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Thread: Roll Call, 2/21

  1. #21

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    I forgot about reading Romeo and Juliet in 9th grade. We were all assigned parts and we read it aloud in class.

    There is a British series of animated Shakespeare plays called "Shakespeare: The Animated Tales". You can find them on Youtube.

    Quote Originally Posted by alexsmom View Post
    I cant think of other elevated playwrights that write to something kids can understand, perhaps its an introduction to the genre?
    You mean the genre of plays or Shakespearean style plays? If you mean just plays, musicals are usually the best introduction for children to plays and theater. There are some that are written specifically for children and tons that children can enjoy that aren't specifically written for children. Comedies are another great introduction to theater for children.

    I like "Little Shop of Horrors" as a great introduction to theater for middle school boys. Most of them love the human eating plant enough to pay attention to the rest of the story and songs.
    Last edited by MapleHillAcademy; 02-25-2019 at 10:03 AM.

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  3. #22

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    It seems that most people have had negative experiences with Shakespeare, and I think that is a real shame. He has such an extensive body of work, and so many of the literary and theatrical devices that you see today can be traced back to him. If it's done right (Kenneth Branaugh), it's passionate and just plain hot. The language is also gorgeous, the imagery and the way it sounds when you say it aloud.

    But I blame the schools and colleges (if you're an English major like I was) for teaching bonehead Shakespeare. It's not meant to be read like a novel and they shouldn't analyze the heck out of the symbolism, imagery, themes and poetic techniques. Imagine if the groundlings were forced to do that--they'd be throwing rotten tomatoes.
    Homeschooling an only, DS9

  4. #23
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    When I was a senior in high school my English class was Shakespearean English. We studies his plays the entire year. I really enjoyed the class - it was lively and fun, discovery and discussion based, with almost zero lecture - unusual for a class back then. I liked the lack of description in the plays - I had a vivid imagination as a kid and I loved dreaming up the sets, costumes, make-up, positions of the actors in relation to one another, and on and on in my head. I think that is why I still love a well done TV show / movie over a marginal book any day - telling the story without words through set, lighting, camera angles, music - fascinating stuff. I think that most US kids have experience with one or two plays by the time they graduate and maybe some of his better known sonnets.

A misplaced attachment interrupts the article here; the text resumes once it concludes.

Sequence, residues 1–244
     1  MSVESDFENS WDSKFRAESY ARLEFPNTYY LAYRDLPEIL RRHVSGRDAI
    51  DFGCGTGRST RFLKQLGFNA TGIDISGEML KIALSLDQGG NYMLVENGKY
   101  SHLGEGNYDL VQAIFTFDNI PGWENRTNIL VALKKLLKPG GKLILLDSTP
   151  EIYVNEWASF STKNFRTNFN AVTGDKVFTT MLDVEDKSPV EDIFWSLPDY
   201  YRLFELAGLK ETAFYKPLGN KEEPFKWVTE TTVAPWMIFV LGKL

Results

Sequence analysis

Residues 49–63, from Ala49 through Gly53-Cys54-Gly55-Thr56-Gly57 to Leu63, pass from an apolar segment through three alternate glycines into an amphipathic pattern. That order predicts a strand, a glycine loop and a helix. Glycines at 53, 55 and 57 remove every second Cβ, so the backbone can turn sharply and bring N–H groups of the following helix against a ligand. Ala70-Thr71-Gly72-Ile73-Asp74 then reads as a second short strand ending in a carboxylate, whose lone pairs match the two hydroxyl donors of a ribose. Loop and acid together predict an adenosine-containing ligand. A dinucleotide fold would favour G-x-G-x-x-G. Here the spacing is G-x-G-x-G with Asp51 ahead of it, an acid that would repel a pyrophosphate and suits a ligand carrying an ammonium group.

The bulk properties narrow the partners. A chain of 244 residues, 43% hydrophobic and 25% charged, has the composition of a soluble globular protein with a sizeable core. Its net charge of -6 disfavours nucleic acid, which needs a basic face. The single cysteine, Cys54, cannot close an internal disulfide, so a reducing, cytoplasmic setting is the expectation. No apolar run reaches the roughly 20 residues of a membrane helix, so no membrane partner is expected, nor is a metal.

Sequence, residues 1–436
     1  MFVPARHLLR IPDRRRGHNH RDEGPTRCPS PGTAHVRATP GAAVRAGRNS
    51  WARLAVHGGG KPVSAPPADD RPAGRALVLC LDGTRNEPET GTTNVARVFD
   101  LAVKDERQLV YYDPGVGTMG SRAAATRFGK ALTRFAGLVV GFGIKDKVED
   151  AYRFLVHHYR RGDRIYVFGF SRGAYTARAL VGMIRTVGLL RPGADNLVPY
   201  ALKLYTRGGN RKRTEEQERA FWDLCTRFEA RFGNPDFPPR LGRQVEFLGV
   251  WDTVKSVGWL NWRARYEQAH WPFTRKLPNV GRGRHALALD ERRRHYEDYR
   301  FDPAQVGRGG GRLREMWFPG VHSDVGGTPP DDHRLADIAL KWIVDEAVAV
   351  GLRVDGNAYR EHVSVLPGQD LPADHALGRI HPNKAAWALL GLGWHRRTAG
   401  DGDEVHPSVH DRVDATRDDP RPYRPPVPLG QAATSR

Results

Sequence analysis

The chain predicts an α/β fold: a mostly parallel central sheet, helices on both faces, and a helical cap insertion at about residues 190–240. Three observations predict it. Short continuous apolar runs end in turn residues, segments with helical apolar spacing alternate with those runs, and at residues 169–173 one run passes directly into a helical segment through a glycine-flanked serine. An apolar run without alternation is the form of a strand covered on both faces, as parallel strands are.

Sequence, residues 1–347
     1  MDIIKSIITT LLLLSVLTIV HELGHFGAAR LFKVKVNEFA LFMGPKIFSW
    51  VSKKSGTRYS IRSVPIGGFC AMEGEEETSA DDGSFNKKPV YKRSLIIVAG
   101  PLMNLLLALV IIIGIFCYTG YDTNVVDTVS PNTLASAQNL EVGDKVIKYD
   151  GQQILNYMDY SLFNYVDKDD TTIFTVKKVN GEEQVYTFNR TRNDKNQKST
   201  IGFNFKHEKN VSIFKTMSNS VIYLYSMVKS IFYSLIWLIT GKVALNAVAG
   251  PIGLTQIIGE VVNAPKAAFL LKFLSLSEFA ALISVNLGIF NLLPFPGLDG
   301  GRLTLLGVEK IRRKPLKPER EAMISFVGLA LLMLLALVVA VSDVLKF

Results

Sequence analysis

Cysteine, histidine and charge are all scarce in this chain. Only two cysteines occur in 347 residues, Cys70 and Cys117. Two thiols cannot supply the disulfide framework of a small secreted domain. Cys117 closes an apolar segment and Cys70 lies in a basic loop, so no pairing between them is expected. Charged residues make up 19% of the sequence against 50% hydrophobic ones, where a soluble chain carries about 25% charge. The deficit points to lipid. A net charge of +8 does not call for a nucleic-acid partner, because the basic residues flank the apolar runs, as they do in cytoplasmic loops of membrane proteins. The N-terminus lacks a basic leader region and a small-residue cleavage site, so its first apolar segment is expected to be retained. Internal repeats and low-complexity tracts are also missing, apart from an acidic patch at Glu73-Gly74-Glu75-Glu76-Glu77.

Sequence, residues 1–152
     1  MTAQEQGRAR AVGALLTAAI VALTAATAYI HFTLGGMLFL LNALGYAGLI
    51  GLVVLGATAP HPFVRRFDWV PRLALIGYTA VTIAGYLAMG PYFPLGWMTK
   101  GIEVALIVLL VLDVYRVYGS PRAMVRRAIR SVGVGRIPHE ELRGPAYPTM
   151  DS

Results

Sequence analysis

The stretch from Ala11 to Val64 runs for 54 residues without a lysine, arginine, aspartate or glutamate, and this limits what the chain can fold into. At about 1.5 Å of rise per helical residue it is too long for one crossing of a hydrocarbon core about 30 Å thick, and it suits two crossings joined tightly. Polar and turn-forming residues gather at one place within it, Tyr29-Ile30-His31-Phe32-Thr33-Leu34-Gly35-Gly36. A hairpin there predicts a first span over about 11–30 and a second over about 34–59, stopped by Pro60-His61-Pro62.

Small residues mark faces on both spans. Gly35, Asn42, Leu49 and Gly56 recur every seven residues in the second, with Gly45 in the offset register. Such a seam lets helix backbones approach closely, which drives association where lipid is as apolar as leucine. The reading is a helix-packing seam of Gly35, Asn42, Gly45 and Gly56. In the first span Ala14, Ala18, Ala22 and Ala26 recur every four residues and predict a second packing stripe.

Rebecca
    DS 13, DD 11
    Year 7

  5. #24

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    I never had a negative experience with Shakespeare, it just never caught my interest in my encounters with it. I liked them well enough but I did not go away with an interest to find out more and explore it. I was more into art and science. Which is not to say that liking or not liking Shakespeare is a bad thing, just that everyone is different. I just wanted to know if it is an expected thing, as it was something I had never considered teaching. So its good to know that I should keep it on my radar for the future. I still think it would be best for my daughter to learn about it from someone who has a keen passion for it.
    New Zealand-based. DD 10 (year 5 [NZ system]) homeschooled, and DD 5 (year 0 [NZ system]) who is currently trying out public school.

    Freelance copyeditor, specializing in scientific text, who will make mistakes in my posts (I don't self-edit).

  6. #25

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    Same here. My experience wasn't negative nor do I hate Shakespeare, it just isn't my cup of tea. I still teach it and read it to my children with the same enthusiasm as I would teach anything else, I think it is absolutely worth exposing all children to Shakespeare, I just don't love it personally.

  7. #26

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    MapleHill & NZ_Mama, I'm glad you guys didn't get that negative experience.

    In the classes I attended, the only reason Shakespeare seemed to be studied was so that we could do well on exams or write papers analyzing theme and symbolism. It was a tough slog, and a lot of my classmates seriously groaned when they heard the name Shakespeare. Quite a difference from what it can be, full of action and fun, as in theatre. I wonder if Shakespeare would have been better received taught as a theatre class instead of an English one.
    Homeschooling an only, DS9

  8. #27

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    Argh, mum picked DD5 up from school for the first time this year. She has been crowing since then about how "she is so part of school" based on her observations that she was chatting to some other kids and saying bye to people at the end of the day. The only time I need her to pick DD up is when I have my riding lesson when DH is not available. In future, I am thinking I will just cancel my riding lesson any time DH is not available from now on because I don't want to add more fuel to her "isn't school amazing and just the right place for DD to be" fire.